Let’s travel back in time to 1995 and look at how things have evolved over time, from an intelligence perspective. Web browsers can now remember passwords, auto-fill web addresses, and maybe even pre-fetch web pages to a certain extent. What about Office products? Nothing much either. We have gained better auto-correct, better grammar checking, and frequent auto-saves. What about the core operating system itself? How has it become more intelligent? We have made a few strides in pre-fetching documents and executables. But the file-manager is just as dumb as it was back in 1995 and built-in media player still doesn’t do much to organize my music.

It’s 2013 and we still don’t have a file manager that understands what files I frequently use together. It still puts the burden on the user to create folders and organize his personal data. Our web-browsers still treat all websites in the same way. It still can’t tell whether the new tab you just opened is in the same context as the other ones you currently have open. Your browsing history is still a list of websites sorted by time, and not by context. We download stuff from the net all the time, but your file manager still can’t tell you which sites were open when you downloaded the file.

Coming back to the mobile world. We still don’t have phones that recognize our daily routines. Our call-logs are still plain lists that display the most recent calls. It’s not smart enough to recognize that you call your wife everyday during lunch hour, or that you hang out with your best friends every weekend. Our map application doesn’t infer my home, and office location. It’s not smart enough to know that I leave for office everyday at around 8:30 and it can’t tell me what is the best route to take, without me explicitly asking for it.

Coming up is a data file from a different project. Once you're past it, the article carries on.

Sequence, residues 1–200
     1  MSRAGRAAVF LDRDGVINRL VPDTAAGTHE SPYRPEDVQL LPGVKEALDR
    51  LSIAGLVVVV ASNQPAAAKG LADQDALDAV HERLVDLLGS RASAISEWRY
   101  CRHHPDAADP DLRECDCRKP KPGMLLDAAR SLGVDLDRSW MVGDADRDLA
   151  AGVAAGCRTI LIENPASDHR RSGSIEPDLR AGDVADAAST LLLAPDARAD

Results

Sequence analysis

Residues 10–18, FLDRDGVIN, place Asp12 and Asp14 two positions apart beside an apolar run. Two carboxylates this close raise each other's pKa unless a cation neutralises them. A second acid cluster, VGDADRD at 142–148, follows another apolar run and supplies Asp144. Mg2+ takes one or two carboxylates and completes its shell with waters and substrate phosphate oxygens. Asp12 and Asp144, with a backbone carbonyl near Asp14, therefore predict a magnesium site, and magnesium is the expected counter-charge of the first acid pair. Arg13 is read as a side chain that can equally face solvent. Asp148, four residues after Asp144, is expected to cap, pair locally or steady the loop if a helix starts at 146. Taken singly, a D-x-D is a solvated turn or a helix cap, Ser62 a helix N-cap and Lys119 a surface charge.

Looking at the great things Google has done to advance the state of art for search engines, I strongly believe that we have all the necessary algorithms to solve these kinds of problems. And with quad-core processors in both desktops and mobiles we have the necessary hardware to carry out personal analytics on our devices without even connecting to the Internet. As consumers, we need to raise our voice to demand such intelligent features in our applications. Only then will developers and device manufacturers shift their attention from simply making larger screens to creating apps that actually improve the quality of our life.